Blue aliens, multiple lives and class actions: Louisville’s Gaia faces host of legal issues

Artist renderings of Blue Avians, an alien species at the center of a legal dispute involving Gaia. (Corey Goode/YouTube)

As 2022 turns to 2023, Gaia, the large Louisville-based streaming service facing two class action lawsuits, has agreed to pay a $2 million federal fine while being accused of copyright and patent violations.

In one case, Gaia is defending itself against a former host who claims to have met benevolent blue aliens when he was 6. Gaia is countersuing that same host, accusing him of defaming the company by calling it full of Lucifer-loving cannibal pedophiles.

In another case, Gaia is accused of stealing an idea for a documentary about a man who says he has lived many lives spanning hundreds of years and can recall all of them.

Gaiam began as a yoga company in Boulder in 1988. It launched Gaia, a publicly traded streaming service, in 2011 focusing on yoga, meditation, and alternative ideas. Gaia moved to Louisville in 2019 and was named the country’s fastest-growing retailer, expanding its paid subscriber list to 800,000 and its market value to $200 million by 2021.

But more recently, legal problems have piled up. In a November report, Gaia revealed it had been under investigation by the U.S. Securities and Exchange Commission since mid-2020 and was settling the case for $2 million. Its chief financial officer was fined $50,000.

The settlement did not require Gaia to admit wrongdoing. The SEC claimed Gaia used a free subscription giveaway to inflate its subscription numbers and then touted those numbers to investors. It also failed to comply with whistleblower protections, according to the SEC.

The $2 million penalty, along with “elevated legal fees,” led to a net loss for the third quarter of 2022, according to Gaia’s quarterly report. The company also shed subscribers as “consumers shifted their attention and spending to travel and recreation,” CFO Paul Tarell wrote.

After the SEC settlement was revealed, several national law firms began asking Gaia shareholders to be plaintiffs in a class action lawsuit. That lawsuit, filed Dec. 20 in a Denver federal court, accuses Gaia and its top executives of inflating subscription numbers and not disclosing it was under federal investigation to the detriment of shareholders.

It is the second class action lawsuit Gaia must deal with in 2023. In September, a class action lawsuit filed in a Denver federal court accused the company of violating privacy laws by handing subscribers’ personal information to Facebook, which streams Gaia videos. Gaia’s lawyers deny that and have asked a judge to dismiss the case. That motion is pending.

Gaia and Tarell did not respond to emailed questions asking whether the SEC allegations are true and whether Gaia’s legal disputes are an ongoing threat to its profitability.

In some cases, Gaia’s close association with and promotion of conspiracy theorists has led to quirky legal messes. In February, it was sued by Antarctica Films, an Argentinian company that accuses Gaia of luring Matias de Stefano, the man who believes he has lived many lives, into breaking his contract with Antarctica Films and creating a Gaia show instead.

Matias de Stefano is seen in a screenshot from the Gaia show “Initiation.” (Gaia)

Antarctica Films claims that was contract interference and copyright infringement. Gaia says it didn’t know of the contract and the facts of de Stefano’s life cannot be copyrighted.

The oddest ongoing case involving Gaia is also the oldest.

In March 2020, Gaia was sued by Corey Goode, a Broomfield man. Goode claims he was abducted by the U.S. government at 6 and inducted into the Secret Space Program, where he met a species of bird-like aliens called the Blue Avians, with whom he remains in physical contact.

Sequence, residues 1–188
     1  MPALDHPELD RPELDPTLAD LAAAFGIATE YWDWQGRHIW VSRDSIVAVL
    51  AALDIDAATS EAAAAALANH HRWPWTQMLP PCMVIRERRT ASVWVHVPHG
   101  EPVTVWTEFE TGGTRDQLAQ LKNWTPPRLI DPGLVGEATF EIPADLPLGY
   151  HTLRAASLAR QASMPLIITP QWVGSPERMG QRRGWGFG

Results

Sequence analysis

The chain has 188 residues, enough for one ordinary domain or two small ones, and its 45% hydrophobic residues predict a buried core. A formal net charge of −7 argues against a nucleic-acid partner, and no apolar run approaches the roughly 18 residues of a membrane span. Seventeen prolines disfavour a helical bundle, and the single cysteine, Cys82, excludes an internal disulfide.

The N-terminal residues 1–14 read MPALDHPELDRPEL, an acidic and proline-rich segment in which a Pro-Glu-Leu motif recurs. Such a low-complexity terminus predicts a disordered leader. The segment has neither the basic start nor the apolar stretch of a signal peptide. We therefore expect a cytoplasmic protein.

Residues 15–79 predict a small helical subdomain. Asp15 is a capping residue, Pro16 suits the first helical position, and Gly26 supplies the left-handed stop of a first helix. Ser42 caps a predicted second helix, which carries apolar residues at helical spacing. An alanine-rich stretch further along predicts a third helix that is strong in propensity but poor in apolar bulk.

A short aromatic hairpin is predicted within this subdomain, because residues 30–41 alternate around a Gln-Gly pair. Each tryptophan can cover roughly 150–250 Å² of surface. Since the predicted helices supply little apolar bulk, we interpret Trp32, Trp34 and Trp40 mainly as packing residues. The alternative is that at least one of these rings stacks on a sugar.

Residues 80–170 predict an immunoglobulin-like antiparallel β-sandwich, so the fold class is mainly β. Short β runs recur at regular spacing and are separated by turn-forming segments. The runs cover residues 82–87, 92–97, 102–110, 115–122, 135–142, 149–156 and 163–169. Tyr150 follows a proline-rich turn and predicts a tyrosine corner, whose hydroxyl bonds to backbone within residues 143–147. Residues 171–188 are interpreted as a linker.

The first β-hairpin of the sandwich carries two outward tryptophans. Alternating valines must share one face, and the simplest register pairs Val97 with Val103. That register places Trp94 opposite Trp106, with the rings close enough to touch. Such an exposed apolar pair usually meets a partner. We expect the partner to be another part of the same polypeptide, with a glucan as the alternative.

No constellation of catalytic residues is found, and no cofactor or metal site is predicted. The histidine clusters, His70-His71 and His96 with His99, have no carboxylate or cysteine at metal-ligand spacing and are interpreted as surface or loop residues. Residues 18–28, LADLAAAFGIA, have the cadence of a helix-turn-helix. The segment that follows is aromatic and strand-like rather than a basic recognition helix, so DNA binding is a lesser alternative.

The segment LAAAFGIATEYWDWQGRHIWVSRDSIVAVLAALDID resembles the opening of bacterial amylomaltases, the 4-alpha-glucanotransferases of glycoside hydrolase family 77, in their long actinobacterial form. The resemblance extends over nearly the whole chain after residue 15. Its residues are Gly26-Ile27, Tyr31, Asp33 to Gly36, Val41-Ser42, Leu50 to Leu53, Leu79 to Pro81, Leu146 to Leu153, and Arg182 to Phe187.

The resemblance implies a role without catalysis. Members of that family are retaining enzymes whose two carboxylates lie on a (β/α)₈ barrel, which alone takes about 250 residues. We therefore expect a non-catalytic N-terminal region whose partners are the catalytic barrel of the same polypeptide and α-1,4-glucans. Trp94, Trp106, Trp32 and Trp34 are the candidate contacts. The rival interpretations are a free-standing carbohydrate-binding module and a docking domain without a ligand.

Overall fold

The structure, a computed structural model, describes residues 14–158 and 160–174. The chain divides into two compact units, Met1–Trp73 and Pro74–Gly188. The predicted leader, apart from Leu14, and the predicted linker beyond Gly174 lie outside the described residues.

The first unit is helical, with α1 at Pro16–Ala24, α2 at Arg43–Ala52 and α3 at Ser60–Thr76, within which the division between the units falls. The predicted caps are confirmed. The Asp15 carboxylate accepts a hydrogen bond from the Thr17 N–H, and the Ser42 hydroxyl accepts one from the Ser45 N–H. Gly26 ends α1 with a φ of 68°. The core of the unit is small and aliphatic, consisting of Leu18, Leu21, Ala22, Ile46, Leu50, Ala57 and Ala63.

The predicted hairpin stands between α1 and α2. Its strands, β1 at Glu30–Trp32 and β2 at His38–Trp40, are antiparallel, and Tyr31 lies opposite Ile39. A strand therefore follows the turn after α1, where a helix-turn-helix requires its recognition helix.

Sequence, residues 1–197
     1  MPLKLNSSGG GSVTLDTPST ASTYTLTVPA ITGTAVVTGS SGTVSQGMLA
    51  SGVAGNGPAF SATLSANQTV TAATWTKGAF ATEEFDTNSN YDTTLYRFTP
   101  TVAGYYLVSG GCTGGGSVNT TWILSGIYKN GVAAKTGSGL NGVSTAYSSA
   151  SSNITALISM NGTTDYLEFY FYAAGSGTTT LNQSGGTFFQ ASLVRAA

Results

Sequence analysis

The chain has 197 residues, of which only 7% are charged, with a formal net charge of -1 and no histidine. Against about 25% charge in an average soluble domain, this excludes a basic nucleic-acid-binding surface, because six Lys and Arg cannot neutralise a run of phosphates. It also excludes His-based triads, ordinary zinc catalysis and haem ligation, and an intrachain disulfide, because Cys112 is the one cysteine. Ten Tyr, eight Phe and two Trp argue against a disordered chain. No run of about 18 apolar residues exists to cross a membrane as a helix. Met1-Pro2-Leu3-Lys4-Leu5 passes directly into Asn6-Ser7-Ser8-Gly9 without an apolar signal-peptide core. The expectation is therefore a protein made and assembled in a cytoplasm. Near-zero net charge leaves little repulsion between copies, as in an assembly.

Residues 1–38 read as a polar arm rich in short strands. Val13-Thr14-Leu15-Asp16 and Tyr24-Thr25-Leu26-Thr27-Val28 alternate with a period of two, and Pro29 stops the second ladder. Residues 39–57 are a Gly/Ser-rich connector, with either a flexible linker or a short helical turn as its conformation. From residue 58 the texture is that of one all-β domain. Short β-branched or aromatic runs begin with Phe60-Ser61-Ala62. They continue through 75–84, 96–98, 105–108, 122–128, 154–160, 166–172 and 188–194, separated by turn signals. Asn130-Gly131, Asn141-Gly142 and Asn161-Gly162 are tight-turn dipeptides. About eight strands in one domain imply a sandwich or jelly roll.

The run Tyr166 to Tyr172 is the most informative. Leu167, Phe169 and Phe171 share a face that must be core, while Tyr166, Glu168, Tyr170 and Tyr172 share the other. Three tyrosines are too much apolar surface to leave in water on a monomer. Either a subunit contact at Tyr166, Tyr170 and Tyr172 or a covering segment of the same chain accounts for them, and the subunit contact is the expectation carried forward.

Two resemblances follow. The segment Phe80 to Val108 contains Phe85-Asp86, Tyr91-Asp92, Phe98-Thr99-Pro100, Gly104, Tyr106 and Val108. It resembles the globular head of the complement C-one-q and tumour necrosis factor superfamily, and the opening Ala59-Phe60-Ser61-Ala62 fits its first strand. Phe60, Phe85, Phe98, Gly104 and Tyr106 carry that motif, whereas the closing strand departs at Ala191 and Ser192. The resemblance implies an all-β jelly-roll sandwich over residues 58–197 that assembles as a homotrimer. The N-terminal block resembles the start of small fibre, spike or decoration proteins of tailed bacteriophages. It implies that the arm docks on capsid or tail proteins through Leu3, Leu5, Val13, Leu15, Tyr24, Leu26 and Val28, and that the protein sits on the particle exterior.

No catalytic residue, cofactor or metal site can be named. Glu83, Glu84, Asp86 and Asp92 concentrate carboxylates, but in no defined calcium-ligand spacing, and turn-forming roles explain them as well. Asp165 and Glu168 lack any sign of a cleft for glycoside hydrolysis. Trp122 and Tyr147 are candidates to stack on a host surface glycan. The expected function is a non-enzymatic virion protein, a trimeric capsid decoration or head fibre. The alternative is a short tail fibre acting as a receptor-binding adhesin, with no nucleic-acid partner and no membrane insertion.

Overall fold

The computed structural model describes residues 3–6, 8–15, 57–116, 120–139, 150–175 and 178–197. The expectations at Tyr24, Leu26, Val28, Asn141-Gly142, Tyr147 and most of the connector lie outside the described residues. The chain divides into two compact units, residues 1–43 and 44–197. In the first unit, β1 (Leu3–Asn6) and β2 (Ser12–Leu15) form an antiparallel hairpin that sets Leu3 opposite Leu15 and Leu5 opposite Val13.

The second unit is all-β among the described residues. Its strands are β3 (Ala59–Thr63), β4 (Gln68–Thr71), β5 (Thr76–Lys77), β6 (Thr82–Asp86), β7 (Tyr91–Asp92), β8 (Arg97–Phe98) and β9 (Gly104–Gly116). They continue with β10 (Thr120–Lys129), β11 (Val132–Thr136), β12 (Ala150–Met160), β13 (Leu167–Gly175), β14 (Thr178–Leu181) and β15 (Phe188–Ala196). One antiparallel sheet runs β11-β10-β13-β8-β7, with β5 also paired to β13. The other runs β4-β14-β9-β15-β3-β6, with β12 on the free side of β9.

Goode had a popular show on Gaia between 2015 and 2018 in which he discussed the Secret Space Program and Blue Avians, two terms he tried to trademark. After Goode quit, Gaia hired a different host who claimed to have met Blue Avians through the Secret Space Program. Goode sued, accusing Gaia of hiring an “imposter” who infringed on his intellectual property.

According to a Business Insider article in 2021, Gaia’s executives are unusually preoccupied with the Blue Avians.

Six sources inside the company told the news outlet that promotional materials for a Gaia documentary about the Blue Avians had to be approved by the aliens themselves, “raising puzzling logistical challenges.” Gaia denies this.

In a May 2021 countersuit, Gaia said Goode’s replacement host quit after Goode threatened him. The company then had to hire additional security after Goode defamed Gaia by publicly sharing an email that “accused Gaia and/or its employees of being Luciferians engaged in or promoting pedophilia, human sacrifice, cannibalism and genocidal aspirations.”

Former Gaia host Corey Goode speaks in a YouTube video posted on Nov. 17, 2020. (YouTube)

It’s not the first time Gaia has sued someone for claiming the company worships Satan.

In 2018, it accused UFO filmmaker Patty Greer of defamation after she called Gaia a “Luciferian coven” and “CIA front.” Greer publicly apologized the following year as part of a settlement.

In a more earthly case, Gaia was sued this July by NEC, a Japanese company that accuses it of infringing on two NEC patents by streaming its shows to apps at a particular computer code processing rate.

Gaia’s attorneys have asked that the case be thrown out because code rates are abstract and not patentable. The request is pending.

Gaia has about 150 full-time employees, according to its latest annual report, and its campus in Louisville spans 12 acres, according to the Business Insider article.

Artist renderings of Blue Avians, an alien species at the center of a legal dispute involving Gaia. (Corey Goode/YouTube)

As 2022 turns to 2023, Gaia, the large Louisville-based streaming service facing two class action lawsuits, has agreed to pay a $2 million federal fine while being accused of copyright and patent violations.